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BP pulls plug on planned biofuels plant in Highlands County after four stalled years

Energy giant BP said Thursday it canceled plans to build a commercial-scale cellulosic ethanol plant in Highlands County four years after first unveiling the Central Florida biofuels project. The decision means BP — infamously known best in Florida for 2010's massive Deepwater Horizon oil spill in the Gulf of Mexico — is ending its U.S. pursuit of commercial-scale cellulosic ethanol production. Instead, BP said it will refocus its U.S. biofuels strategy on research and development, as well as licensing its biofuels technology.

Why cancel the Brighton project in Highlands County? BP saw better use of its money elsewhere.

"Given the large and growing portfolio of investment opportunities available to BP globally, we believe it is in the best interest of our shareholders to redeploy the considerable capital required to build this facility into other more attractive projects," Geoff Morrell, BP vice president of communications, said in a statement.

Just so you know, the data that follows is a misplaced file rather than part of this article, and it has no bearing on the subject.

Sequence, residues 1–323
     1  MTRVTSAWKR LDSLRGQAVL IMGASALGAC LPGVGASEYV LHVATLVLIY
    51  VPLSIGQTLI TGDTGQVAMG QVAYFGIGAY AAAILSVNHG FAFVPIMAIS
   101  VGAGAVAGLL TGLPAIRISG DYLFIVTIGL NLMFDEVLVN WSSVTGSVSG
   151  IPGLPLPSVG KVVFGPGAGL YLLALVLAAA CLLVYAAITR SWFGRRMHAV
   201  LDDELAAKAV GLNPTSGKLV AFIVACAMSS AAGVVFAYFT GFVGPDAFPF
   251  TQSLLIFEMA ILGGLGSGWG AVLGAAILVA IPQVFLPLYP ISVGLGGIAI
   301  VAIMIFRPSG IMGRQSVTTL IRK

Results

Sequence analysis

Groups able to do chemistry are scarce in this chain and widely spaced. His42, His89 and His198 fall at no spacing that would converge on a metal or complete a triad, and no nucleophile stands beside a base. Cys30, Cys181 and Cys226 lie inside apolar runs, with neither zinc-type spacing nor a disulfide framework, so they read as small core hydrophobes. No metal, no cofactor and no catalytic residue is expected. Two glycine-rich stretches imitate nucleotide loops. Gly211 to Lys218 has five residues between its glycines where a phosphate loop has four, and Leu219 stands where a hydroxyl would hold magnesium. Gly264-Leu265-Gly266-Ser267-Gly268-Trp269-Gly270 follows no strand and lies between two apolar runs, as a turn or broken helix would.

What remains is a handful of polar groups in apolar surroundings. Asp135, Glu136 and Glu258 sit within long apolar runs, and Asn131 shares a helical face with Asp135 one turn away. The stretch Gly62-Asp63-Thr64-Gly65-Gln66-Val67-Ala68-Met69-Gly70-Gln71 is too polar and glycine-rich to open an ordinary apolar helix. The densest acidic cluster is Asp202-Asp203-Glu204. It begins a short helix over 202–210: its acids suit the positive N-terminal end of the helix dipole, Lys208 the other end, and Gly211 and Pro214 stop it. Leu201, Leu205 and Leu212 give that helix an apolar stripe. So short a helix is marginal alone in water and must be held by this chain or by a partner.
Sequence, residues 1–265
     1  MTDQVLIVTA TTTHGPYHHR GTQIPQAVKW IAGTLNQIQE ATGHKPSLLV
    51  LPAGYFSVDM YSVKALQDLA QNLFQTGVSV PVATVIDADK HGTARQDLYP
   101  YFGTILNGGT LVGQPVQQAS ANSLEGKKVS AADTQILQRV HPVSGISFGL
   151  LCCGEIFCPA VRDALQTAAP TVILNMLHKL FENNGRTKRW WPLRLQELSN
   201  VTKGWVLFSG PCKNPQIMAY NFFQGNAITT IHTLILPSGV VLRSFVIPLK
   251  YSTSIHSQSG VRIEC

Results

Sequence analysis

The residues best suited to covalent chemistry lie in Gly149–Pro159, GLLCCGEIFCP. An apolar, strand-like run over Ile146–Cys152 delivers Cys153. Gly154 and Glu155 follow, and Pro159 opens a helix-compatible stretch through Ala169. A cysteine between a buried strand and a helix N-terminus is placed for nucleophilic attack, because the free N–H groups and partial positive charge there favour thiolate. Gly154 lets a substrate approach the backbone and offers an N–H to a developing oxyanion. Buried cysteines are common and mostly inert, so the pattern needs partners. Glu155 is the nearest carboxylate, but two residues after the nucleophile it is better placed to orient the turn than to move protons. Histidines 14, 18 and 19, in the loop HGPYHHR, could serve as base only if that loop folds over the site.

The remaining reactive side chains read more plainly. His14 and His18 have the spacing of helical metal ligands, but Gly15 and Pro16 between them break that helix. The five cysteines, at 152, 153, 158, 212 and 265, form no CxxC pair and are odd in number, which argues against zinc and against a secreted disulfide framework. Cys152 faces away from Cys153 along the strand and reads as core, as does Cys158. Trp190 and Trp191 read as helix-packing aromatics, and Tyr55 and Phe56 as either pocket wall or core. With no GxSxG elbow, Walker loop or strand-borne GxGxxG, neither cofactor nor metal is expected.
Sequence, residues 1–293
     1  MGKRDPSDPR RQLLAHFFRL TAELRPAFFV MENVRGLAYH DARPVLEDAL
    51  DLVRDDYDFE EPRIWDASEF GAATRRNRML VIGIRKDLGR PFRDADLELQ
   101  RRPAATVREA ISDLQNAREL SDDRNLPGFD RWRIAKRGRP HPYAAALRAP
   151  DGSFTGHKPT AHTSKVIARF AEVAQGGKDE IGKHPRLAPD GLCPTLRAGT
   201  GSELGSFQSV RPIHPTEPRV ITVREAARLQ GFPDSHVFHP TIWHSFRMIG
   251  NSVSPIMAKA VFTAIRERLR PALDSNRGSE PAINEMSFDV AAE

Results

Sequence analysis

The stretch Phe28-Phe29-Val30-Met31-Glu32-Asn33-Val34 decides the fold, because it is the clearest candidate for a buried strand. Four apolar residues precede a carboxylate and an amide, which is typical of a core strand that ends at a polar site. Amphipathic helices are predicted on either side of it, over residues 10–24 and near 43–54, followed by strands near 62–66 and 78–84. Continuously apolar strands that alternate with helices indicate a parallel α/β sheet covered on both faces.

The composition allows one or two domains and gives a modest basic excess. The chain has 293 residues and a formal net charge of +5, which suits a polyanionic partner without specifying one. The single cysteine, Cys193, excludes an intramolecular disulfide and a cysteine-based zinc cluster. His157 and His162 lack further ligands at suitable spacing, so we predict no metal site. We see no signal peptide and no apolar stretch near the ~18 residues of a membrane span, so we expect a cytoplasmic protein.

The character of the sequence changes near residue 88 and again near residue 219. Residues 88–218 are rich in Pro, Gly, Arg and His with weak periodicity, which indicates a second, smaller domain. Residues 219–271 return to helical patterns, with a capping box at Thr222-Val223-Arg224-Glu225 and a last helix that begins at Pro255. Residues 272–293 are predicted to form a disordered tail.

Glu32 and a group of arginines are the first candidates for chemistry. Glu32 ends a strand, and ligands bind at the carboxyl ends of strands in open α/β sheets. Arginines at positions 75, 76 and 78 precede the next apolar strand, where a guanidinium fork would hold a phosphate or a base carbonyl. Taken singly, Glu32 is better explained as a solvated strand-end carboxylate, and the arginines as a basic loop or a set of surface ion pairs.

In 2008, BP's original plan to build the Florida facility called for turning thousands of acres of energy crops into 36 million gallons per year of cellulosic ethanol. The British company continues to pursue ethanol production via plants in England and Brazil.

The cancellation apparently caught Highlands County officials off guard. Earlier in October, it was reported that local government officials saw signs that the stalled ethanol project was about to begin. BP had filed plans and started construction on its offices in nearby Lake Placid while road work had begun on a turn lane into the Brighton plant property.

BP pulls plug on planned biofuels plant in Highlands County after four stalled years 10/25/12 [Last modified: Thursday, October 25, 2012 7:16pm]
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